• New Particle System that works entirely on the GPU enabling a huge number of particles, many more than the current implementation.  The new system also allows tighter control, curve based tweaking, mesh based particles and more options for particle emitters, as seen in the image to the right.

Godot 3.0 alpha will be released soon.  If you are interested in playing with the new features, you will instead have to build Godot from the current master branch.  For details on how to build Godot using Visual Studio refer to this tutorial.


For more details on Godot 3.0, be sure to check the Godot engine blog post.

GameDev News

11. April 2017


Cocos Creator is a full game engine and editor powered by JavaScript created by the team behind the Cocos2d-x project.  If you want to learn more about the Cocos Creator project be sure to check out our hands on video.  Today Cocos Creator learned a new trick in the form of C++ and Lua support for creator alpha zero.  This doesn’t actually add C++ or Lua language support to Cocos Creator editor.  Instead it’s a pair of new features.  First Cocos Creator is now capable of exporting projects in .ccreator file format.  Second they have provided a reader enabling Lua and C++ Cocos2d-x projects to read and use ccreator files.  Essentially this enables Cocos Creator to be an editor for your C++/Lua Cocos games.  Loading the scene in C++ is simple as illustrated by this code:

#include "reader/CreatorReader.h"

void some_function()
    creator::CreatorReader* reader = creator::CreatorReader::createWithFilename("creator/CreatorSprites.ccreator");

    // will create the needed spritesheets + design resolution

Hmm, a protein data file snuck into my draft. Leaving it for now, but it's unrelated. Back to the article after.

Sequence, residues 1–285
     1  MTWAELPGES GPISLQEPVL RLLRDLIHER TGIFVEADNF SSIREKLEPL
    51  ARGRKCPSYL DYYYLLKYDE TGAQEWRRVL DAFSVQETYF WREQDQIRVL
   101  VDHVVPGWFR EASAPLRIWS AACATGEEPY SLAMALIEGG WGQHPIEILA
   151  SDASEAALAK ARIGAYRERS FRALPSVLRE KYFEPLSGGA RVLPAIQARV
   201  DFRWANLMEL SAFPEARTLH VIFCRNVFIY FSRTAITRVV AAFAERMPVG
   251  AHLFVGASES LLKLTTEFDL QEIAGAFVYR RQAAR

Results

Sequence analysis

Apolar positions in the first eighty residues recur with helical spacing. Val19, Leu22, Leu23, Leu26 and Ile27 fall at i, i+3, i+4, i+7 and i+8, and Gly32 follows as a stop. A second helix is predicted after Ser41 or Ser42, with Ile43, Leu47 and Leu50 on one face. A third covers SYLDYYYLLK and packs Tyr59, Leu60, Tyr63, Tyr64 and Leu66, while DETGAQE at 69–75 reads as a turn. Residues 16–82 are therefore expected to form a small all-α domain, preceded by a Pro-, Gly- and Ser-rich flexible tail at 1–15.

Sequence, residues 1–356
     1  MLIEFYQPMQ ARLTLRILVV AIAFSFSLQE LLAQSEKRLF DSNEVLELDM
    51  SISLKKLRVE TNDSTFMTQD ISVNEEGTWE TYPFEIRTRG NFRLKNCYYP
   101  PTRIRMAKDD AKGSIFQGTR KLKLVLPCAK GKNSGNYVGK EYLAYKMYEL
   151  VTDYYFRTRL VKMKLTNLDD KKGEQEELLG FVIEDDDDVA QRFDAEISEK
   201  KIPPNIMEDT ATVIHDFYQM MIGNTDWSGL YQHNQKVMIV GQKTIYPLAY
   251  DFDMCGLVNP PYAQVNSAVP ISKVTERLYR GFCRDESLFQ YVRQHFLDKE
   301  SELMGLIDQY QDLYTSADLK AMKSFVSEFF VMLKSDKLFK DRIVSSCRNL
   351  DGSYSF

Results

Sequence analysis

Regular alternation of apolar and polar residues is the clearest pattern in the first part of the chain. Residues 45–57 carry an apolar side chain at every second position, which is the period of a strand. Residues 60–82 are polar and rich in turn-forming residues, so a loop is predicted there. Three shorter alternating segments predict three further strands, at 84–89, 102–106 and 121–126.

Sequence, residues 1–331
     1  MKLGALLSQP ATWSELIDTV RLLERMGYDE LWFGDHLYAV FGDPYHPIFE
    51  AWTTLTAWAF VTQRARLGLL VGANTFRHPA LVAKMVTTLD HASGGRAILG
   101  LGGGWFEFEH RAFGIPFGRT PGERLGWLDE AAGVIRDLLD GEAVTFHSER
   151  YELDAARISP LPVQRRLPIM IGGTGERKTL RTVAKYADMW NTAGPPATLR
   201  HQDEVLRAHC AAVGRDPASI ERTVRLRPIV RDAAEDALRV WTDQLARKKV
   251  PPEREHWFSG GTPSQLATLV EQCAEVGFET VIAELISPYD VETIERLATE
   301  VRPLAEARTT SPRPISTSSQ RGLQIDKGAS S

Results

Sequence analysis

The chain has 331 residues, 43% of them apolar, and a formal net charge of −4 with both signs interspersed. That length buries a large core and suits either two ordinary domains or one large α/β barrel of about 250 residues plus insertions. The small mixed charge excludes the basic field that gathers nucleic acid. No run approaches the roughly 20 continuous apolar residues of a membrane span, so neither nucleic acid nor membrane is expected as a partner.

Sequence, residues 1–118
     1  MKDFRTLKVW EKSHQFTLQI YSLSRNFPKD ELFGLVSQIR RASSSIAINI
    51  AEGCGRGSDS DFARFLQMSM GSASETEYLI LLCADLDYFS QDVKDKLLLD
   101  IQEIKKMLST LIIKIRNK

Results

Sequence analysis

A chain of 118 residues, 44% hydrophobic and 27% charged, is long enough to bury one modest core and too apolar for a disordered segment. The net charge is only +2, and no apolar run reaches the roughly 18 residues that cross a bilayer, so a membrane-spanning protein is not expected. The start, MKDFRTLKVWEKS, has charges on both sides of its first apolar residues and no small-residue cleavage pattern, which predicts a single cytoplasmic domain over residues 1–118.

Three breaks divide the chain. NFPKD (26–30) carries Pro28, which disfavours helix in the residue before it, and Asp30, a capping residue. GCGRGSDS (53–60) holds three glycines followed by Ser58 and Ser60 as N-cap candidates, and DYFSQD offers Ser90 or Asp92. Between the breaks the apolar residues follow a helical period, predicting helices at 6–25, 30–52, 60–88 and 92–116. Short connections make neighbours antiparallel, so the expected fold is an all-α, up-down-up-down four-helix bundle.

// get the scene graph
    Scene* scene = reader->getSceneGraph();

    // ...and use it


Details from the Cocos Creator forum:

What's C++ and lua support for creator

It includes two parts:

  • First, it is a Cocos Creator plugin that can export scenes generated by Cocos Creator into .ccreator files.
  • Second, it has a reader that can parse .ccreator files. The reader can be used in cocos2d-x c++/lua project.


There are two ways to get the plugin

GameDev News

5. April 2017


A very early iteration, DLScript for Godot was just released today.  What exactly is DLScript?  The description from the Github project is probably the best definition:

DLScript stands for Dynamic Linking Script. It's a module that enables you to use shared libraries, which are dynamically linked, for scripting. DLScript was originally named "cscript" because it exposes a C API, but people thought it was related to C#, which is sometimes abbreviated as "cs". You can build these libraries with C++ as well as C, D, Rust, or any other language that supports C linkage and creating dynamic libraries.

One of the immediate powers to DLScript is the ability to link other shared libraries or to use critical code without recompiling the engine.

Currently there are C++ bindings that make developing for Godot with C++ easier, but DLScript is not limited to C++.


There is a much more detailed blog post, with usage instructions available here:

So what is DLScript?

DLScript is a module for Godot that adds a new "scripting language" to it. I put "scripting language" in quotes because it's not a language.

A "script" in Godot is defined as something that has methods, properties and signals. It also offers a way to use these things (calling methods, get and set properties...). Instead of having a text file representing these things (like a GDScript file for example), DLScript uses shared libraries.

In some ways, shared libraries have things in common with scripts.

  • you can load them
  • you can unload them
  • you can load function symbols
  • you can call functions

A method in a DLScript is just native machine code. You can call third party libraries from that code as well. You can call GDScript functions from a DLScript and vice versa. When C# will be supported optionally, you'll be able to call C# code as well.


So essentially DLScript is a new module for Godot that acts as a go between of the Godot Scripting API ( and not the entire C++ API!) and your own code, which is loaded at runtime in library form.